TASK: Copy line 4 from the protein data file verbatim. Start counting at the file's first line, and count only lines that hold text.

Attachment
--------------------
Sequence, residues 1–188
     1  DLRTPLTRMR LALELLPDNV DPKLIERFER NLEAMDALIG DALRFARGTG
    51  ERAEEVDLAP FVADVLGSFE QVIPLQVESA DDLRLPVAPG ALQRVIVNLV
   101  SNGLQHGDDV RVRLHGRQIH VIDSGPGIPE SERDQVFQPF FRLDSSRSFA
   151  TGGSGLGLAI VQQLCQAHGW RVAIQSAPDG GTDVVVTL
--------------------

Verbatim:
   101  SNGLQHGDDV RVRLHGRQIH VIDSGPGIPE SERDQVFQPF FRLDSSRSFA